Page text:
SEOUL — You have to admire the efficiency with which South Korea is managing its campaign to stop the coronavirus from spreading.
Confined to house arrest ― I mean quarantine ― at my place in Seoul, I get calls twice a day from a nice woman named “Ms. Park” at the local district office, on top of daily reminders on my phone to self-diagnose through an app they installed at Incheon airport after I arrived in Seoul from Washington.
All this attention may seem unnecessary considering that the virus test they gave at the airport came back negative the next day. That was all I needed for release from the youth center near Cheonan, about 50 miles southwest of Seoul, where I’d spent the night sleeping on a “yo” on the floor, but I wasn’t through yet.
Then came the bus ride to my district medical center, the only destination to which I could buy a ticket, and a warning from people at the center that I had to stay home for two weeks or risk a horrendous fine, not to mention expulsion from the country.
They had a van at the center waiting to take me to my exact address. The driver, like everyone else, was garbed head to toe in white. No way did they want to risk passing the dreaded disease to an innocent taxi driver.
The next day a couple of people showed up at the door with hand sanitizers and face masks just in case I hadn’t bothered to buy them. Literally, they were at the door. No, they wouldn’t come inside for fear of catching whatever bug I might still be carrying.
You wonder, seriously, what were the odds of having the bug after testing negative and passing it on, and were all such precautions really necessary? When I asked Ms. Park at the district office whether any of the people she called every day had suddenly reported symptoms of the disease while in quarantine, she said no.
But then, seeing the stats on TV ― you do get a lot of time watching TV in quarantine ― I also wondered how else you could deal with this disease.
After the first alarming news that COVID-19 among members of a Christian sect in Daegu had picked it up from citizens in Wuhan, there was no denying the powers-that-be had been remarkably successful in stopping the bug in its tracks.
The numbers told the story. From hundreds of new cases every day, the total had descended to two digits a day, even one digit. The total number of deaths, rising above 200, was not good news, but it could have been worse, far worse.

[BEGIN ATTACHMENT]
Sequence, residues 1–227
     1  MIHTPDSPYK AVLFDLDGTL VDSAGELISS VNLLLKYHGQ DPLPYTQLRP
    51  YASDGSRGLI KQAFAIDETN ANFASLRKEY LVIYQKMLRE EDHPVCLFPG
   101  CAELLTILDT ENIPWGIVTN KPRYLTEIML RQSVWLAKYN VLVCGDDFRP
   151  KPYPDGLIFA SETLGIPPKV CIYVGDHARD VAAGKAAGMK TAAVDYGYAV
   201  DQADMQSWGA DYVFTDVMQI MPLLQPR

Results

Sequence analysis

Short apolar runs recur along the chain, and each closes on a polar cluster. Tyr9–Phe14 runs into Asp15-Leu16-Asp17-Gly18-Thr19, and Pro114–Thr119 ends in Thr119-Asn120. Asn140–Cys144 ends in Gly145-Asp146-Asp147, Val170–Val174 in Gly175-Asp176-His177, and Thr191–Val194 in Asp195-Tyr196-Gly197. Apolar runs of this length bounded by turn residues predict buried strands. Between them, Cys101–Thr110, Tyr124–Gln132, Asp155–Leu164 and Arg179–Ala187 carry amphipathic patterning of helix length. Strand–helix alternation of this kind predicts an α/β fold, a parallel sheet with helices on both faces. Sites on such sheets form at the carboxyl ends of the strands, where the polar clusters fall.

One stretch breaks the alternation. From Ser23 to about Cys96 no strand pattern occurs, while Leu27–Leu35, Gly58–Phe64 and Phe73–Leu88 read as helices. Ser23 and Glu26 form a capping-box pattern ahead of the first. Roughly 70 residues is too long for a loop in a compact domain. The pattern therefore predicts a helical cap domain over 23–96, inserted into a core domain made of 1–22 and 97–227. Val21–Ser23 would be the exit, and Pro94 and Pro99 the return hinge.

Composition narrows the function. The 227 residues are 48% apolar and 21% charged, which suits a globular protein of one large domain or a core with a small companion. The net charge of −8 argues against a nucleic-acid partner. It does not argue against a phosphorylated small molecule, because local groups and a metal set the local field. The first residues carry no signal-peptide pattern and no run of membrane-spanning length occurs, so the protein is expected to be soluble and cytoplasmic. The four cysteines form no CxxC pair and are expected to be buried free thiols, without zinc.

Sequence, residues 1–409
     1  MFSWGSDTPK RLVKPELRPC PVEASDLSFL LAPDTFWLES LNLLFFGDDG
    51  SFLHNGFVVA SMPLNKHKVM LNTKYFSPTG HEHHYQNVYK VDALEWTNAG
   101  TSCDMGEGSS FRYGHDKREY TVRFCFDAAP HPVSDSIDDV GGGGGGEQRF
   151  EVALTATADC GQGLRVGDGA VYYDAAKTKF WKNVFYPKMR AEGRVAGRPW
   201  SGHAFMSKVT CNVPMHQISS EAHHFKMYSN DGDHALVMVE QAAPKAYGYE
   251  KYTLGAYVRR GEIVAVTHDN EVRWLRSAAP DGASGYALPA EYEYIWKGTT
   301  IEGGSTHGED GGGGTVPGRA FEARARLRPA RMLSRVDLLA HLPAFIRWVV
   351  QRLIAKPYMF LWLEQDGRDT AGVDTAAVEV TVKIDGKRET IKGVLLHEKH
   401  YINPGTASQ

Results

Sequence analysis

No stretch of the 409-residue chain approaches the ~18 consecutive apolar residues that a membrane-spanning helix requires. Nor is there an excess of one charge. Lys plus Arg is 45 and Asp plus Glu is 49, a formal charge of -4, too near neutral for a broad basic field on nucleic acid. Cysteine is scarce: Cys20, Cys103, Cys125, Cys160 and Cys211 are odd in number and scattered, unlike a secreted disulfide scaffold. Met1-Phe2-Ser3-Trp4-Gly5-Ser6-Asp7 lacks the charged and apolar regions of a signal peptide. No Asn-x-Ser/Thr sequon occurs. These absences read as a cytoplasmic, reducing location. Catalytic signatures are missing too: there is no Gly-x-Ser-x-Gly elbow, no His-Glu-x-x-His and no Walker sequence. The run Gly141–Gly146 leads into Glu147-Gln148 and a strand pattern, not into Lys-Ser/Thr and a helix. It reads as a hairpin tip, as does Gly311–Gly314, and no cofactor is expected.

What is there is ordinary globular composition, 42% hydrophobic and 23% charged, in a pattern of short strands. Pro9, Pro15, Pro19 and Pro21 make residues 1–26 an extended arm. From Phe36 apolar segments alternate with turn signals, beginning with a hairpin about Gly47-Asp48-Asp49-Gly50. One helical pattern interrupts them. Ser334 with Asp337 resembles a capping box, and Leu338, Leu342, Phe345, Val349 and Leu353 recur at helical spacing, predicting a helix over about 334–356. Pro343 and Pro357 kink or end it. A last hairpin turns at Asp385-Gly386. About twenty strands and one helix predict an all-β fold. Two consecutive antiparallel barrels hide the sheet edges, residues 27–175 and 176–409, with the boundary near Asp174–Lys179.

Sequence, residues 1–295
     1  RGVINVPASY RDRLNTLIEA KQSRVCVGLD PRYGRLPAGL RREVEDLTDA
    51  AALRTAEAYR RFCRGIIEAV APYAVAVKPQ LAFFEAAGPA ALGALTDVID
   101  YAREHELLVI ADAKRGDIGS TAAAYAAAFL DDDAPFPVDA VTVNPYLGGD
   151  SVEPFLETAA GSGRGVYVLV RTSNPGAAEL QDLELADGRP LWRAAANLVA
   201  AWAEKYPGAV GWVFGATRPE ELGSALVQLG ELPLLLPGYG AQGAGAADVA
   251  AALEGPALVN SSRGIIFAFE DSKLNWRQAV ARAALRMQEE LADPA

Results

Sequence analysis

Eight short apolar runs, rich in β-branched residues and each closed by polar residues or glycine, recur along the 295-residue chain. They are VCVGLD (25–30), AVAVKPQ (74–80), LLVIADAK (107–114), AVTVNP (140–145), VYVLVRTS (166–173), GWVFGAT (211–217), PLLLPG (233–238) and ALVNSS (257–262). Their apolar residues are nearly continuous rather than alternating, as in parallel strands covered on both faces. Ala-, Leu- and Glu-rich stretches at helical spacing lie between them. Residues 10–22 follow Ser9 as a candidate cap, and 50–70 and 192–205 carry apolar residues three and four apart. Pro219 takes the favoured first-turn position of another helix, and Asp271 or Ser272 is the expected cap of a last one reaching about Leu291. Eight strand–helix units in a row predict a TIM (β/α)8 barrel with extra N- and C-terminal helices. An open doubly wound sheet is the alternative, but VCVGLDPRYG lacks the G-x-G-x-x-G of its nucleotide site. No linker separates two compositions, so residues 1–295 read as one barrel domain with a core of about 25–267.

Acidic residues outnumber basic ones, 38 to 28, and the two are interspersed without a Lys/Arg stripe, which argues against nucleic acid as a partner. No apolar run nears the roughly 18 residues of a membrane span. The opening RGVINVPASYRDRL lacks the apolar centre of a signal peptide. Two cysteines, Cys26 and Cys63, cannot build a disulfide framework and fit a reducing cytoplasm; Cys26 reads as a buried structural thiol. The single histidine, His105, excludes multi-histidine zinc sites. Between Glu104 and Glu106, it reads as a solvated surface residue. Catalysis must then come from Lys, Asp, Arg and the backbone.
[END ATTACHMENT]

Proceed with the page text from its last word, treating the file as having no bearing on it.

Look at the numbers in the United States, from which I had just arrived. They were going through the roof, first above 20,000, then 30,000, up to more than 45,000 total deaths, far more than in any other country including Italy and Spain, which were suffering the most before my departure from Washington.
Victor Cha, the noted scholar and expert on Korea in Washington, wrote in Foreign Affairs that Americans would never accept the kind of strict measures enforced in South Korea. The American Civil Liberties Union and just about every other advocacy group would be screaming about infringement on basic liberties, human rights and all the rest.
Maybe so, but in battling a dreaded disease for which there is no cure, it’s what works that counts. In Korea, the system may not be altogether fun or seem all that necessary, but it seems to be working. You can’t attack the disease piecemeal by testing a few people here and there, giving others a pass on the theory, “Well, surely they’re OK.”
The proof that the system is working in Korea is that shops and stores are open, factories are humming and people are still riding buses and subways. You have to believe that controls, such as those I’ve experienced over the past 10 days or so, are needed to keep life going normally.
The United States is a much bigger country, it’s far more diffused ― geographically and culturally and ethnically, just about any way. There’s a lot of disagreement over whether to relax controls, to tighten them, to assert federal authority over managing and stopping the disease or leave it all to each of the 50 states.
You’ve got to think anyone who wants a coronavirus test should get one, free of charge, anyone should be able to buy a face mask and every hospital should have the facilities, including ventilators, for curing the sick.
It’s good to see all that in place in Korea, as I’ve observed and experienced firsthand from the sanctuary of quarantine.